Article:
The new CNBC facility in San Francisco is using two Avid edit bays running Media Composer and using a GV Stratus. Graphics packages, like those being created by freelance editor Rory Keenan (left) CNBC’s Director of Technical Operations Mario Schettino, are stored locally on Avid ISIS servers.
Behind the scenes, the bureau installed two Avid editing suites with 64 TB of shared ISIS storage. A four-channel Avid AirSpeed server is being used for local playout, with a Grass Valley STRATUS content management system being used to transport content to the CNBC headquarters in Englewood Cliffs. “So if I’m sitting in San Francisco and I need to do an edit and go back to an archive, I’m able to open the STRATUS, search for it and pull it back,” Fastook said.
The Avids have allowed the bureau to ensure the workflow was working as intended, said John Chiala, technical manager for CNBC San Francisco. “We wanted to streamline the way that the bureau operates.”
Technology in the backroom includes a set of Miranda and Wohler routers, Fujitsu transmitters and receivers, a Textronix SPG8000 video signal generator, Miranda Densité frame syncs, and RTS intercoms.
What’s also unique about the bureau, Fastook said, is that everything comes back to headquarters via dual 100 Mbps pipes that pass through NBCU Los Angeles and then on to the East Coast. The network can carry eight HD SDI feeds, data from the Avid editing rooms, remote camera control functionality and intercom connections. “All of that transport comes back to on that same pipeline,” he said. It was designed so that everything that is happening in San Francisco can be seen in real time from the network’s headquarters in New Jersey.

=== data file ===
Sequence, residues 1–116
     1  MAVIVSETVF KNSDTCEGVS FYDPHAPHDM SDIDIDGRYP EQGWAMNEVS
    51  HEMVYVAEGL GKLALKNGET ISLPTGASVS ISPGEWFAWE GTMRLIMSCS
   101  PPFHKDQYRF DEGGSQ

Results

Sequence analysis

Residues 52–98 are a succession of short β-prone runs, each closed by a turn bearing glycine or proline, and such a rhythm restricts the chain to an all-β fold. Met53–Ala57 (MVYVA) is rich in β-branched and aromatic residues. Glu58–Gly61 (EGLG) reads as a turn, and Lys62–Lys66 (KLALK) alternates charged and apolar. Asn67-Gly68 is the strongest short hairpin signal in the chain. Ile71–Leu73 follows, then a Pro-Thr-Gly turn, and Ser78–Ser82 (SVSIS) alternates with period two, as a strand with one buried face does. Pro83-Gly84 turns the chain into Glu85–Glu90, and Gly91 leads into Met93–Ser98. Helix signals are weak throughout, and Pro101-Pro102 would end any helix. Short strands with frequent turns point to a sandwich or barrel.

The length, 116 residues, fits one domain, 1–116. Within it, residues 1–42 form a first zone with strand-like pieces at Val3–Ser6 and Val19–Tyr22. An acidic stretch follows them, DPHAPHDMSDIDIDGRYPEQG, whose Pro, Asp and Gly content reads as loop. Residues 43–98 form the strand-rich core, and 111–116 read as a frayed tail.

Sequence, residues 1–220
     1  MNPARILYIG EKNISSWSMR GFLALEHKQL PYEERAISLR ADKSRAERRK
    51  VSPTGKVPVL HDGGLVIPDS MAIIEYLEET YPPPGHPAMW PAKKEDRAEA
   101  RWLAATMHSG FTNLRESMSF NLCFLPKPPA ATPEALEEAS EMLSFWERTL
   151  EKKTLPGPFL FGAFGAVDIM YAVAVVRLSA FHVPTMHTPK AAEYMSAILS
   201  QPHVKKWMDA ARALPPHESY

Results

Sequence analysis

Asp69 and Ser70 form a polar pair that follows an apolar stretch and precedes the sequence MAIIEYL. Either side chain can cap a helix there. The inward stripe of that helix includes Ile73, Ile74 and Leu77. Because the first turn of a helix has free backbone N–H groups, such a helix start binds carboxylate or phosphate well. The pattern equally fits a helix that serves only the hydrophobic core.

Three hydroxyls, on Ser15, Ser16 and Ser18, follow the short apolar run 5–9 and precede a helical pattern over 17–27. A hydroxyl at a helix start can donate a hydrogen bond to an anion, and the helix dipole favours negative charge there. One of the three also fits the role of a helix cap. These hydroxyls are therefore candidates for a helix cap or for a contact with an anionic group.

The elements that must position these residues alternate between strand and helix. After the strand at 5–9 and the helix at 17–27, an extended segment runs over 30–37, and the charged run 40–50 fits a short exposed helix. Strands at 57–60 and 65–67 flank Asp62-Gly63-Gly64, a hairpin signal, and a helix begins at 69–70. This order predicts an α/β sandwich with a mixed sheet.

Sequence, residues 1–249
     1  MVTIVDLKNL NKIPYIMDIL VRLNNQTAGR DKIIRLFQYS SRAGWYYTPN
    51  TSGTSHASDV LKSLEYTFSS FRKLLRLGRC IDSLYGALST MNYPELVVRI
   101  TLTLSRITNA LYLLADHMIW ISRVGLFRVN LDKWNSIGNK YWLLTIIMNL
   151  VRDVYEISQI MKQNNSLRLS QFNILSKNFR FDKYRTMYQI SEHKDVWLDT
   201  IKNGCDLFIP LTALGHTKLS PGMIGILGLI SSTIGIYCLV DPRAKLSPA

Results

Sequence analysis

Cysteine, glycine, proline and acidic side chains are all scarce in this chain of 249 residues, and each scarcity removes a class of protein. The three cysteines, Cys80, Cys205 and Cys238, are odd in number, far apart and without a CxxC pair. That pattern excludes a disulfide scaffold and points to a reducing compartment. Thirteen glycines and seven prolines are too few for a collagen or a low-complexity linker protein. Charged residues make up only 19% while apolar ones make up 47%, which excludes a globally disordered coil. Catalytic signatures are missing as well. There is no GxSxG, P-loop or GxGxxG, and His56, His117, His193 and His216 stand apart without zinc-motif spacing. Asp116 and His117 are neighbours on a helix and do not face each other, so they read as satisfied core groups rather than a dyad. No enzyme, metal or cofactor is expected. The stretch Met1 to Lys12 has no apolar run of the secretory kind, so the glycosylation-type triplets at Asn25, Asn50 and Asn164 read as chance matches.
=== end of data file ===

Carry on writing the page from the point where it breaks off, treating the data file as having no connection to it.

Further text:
“If it’s early or urgent, and I don’t have anyone sitting at the desk in San Francisco, I can turn on all three cameras from here,” Fastook said, the first time that CNBC has engineered a bureau with full studio and camera control. The engineering side—which includes transmission, camera control, diagnostics, and distribution and fiber gear—can be monitored and managed from 3,000 miles away. “I want to be able to see every resource that we have for CNBC in one place,” he said, so that pipeline flow can be monitored and adjusted.
Fastook pointed to CNBC’s cadre of guests and contributors as the reason that the engineering behind the West Coast bureau needed to be as interconnected as possible. To a large extent, IP technology is facilitating that move. “IP technology is a huge enabler,” he said. “It’s changed the capabilities.”
It’s a setup that CNBC may replicate again, as the channel considers installing a similar IP system at CNBC Europe and Asia. “Imagine being able to scan the content library and use it [in other bureaus as needed,]” Fastook said. “It’s working out well.”
Susan Ashworth is the former editor of TV Technology. In addition to her work covering the broadcast television industry, she has served as editor of two housing finance magazines and written about topics as varied as education, radio, chess, music and sports. Outside of her life as a writer, she recently served as president of a local nonprofit organization supporting girls in baseball.